While she was a consultant, her friends and family weren’t being exposed to the new products or getting good customer service, so they all moved on to different brands. When she “failed as a consultant” and finally washed out, those customers did not come back to me. The reality was, they probably got used to not being hounded about their purchases on a monthly basis. They discovered better products at a better price that didn’t come with happy, smiling bulldozer me.

“Build it and give it away” had failed me. Even still, it must have been my fault. Linda Toupin wouldn’t lead me astray! So I did it again. And again. And again. With the same results.

That time I tanked two units

Well, surely the concept couldn’t be completely flawed, right? Surely, what didn’t work on the consultant level must work on the director level. My senior director certainly thought so. And so did I.

So I set off on the journey of DIQ to prove it. My director worked hard with me, helping me recruit to get into DIQ, helping me identify the right women to bring into my budding unit as I was going through qualifications. “Training” those new recruits to begin recruiting immediately so the new unit would have enough consultants and production to complete qualifications.

The defining moment of my DIQ process was the end of September. You see, my director hadn’t qualified for a career car yet, despite being a director for over ten years. Clearly, she wasn’t working hard enough and it was all her fault, but I digress. The production and new recruits brought in during my DIQ process actually put her in car qualifications. She finally had enough momentum to get her own trophy on wheels, her own “free” car.

So at the end of September, with just days to finish and a little over $2,000 wholesale to go, she called me. She had me beg my team/developing unit to place orders so she could finish car qualifications. And it worked. My team production was almost $8,000 that month. I was in car qualifications, she earned her car, and the next month I finished DIQ and debuted my own unit. Success, right? Well, in the moment, sure. But what happened in the months following?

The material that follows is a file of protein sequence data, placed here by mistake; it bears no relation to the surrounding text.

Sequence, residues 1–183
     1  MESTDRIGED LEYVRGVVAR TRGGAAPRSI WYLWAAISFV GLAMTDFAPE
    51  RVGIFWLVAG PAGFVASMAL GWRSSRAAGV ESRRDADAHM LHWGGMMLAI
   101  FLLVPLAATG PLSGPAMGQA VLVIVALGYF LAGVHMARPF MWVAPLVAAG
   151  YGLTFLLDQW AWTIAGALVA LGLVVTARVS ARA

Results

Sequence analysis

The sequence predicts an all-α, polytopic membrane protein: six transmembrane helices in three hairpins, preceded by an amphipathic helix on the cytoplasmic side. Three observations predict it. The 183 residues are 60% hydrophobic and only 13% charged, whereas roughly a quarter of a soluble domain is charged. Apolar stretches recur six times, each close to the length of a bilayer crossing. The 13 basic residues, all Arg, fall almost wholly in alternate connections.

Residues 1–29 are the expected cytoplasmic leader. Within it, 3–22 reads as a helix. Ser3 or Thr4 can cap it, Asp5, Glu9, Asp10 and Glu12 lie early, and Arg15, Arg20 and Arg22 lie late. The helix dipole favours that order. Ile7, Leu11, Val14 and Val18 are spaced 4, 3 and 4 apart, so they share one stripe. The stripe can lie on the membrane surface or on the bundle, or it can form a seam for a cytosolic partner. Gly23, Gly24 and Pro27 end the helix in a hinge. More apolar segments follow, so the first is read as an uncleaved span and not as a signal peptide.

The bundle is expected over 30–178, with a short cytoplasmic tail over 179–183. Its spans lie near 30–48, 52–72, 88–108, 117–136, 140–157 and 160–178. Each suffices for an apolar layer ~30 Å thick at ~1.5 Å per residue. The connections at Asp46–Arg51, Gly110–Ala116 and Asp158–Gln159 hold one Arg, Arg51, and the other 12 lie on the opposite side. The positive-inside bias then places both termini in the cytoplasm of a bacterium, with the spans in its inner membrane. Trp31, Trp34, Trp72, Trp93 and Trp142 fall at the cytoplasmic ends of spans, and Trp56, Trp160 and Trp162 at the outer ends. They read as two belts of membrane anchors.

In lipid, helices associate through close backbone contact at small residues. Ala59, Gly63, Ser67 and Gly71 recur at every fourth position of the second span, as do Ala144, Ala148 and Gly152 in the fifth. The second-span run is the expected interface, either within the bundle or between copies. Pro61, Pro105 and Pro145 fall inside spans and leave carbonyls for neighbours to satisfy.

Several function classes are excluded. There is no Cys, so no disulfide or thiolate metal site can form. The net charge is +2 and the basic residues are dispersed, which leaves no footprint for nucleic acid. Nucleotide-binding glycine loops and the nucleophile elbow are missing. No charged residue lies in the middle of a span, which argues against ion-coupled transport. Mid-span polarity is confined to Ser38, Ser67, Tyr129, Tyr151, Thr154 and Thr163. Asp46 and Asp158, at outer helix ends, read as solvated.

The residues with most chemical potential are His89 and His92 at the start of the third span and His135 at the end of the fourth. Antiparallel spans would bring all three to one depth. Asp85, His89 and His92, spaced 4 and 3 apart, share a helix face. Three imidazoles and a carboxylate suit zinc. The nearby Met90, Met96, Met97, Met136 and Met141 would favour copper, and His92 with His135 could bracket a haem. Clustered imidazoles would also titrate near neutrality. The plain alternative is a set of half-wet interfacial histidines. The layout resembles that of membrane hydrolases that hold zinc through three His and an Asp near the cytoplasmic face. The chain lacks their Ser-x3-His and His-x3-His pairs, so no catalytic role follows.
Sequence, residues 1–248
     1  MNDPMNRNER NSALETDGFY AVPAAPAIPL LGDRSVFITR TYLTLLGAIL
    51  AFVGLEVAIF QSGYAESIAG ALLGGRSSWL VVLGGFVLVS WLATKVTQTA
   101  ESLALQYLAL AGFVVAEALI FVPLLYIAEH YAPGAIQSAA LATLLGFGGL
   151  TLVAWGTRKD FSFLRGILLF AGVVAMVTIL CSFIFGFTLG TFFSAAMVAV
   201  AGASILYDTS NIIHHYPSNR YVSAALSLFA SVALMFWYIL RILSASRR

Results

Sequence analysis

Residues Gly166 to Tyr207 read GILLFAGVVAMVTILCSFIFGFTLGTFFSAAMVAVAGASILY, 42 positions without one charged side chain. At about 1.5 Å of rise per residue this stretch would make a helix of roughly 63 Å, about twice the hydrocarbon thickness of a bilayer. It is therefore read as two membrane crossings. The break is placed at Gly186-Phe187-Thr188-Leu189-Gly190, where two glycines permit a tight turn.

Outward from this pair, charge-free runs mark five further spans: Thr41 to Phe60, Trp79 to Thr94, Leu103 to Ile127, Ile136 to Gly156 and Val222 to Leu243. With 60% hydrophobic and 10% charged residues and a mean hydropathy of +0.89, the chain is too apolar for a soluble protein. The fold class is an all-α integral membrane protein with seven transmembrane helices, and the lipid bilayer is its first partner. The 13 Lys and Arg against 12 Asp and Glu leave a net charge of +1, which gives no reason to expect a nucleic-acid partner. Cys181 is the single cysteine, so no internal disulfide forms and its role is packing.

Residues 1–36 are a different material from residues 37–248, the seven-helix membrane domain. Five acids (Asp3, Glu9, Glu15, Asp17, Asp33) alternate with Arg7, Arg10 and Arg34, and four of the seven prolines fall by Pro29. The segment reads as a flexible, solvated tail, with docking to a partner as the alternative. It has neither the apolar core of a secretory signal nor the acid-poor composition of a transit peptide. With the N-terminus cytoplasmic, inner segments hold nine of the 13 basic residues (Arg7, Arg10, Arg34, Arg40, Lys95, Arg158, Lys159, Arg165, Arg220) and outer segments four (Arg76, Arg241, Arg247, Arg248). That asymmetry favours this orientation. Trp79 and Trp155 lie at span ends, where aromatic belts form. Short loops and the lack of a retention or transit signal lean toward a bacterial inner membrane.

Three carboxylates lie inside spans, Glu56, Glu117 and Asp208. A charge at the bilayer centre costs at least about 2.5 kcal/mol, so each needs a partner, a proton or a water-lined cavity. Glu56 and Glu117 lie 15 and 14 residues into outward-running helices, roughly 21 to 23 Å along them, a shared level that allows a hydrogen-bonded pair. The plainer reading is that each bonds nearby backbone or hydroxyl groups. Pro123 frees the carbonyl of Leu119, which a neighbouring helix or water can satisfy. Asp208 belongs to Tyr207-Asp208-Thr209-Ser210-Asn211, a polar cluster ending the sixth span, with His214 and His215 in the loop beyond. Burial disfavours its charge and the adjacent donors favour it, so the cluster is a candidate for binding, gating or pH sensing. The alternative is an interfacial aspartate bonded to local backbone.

You don’t have to be a rocket scientist to understand that if two units together were barely making the $6,500/month production required to earn a car, when you divide those units, they’re not going to be sustainable.

To no one’s surprise, my unit failed. My director clung to her car long enough for my unit to come back under her umbrella, by which point she was almost making minimum car production again. But the same cycle that I saw with my new recruits and customers happened with the unit.

When I failed as a director, my unit was tied to me. Those consultants no longer felt any loyalty to my senior director. So they quit at the first opportunity. Or they ghosted us both. They saw the reality of this business in a way that their leaders, blinded by the Pink Fog, could not. And they fled.

“Build it and give it away” sounds great. But if you scratch the surface of the “go-give” mentality, what it creates is not sustainable. In fact, what those words really mean is “grind, grind, grind, and it never stops.” Until you do. You pause, take a breath, and it all collapses like the house of cards it is.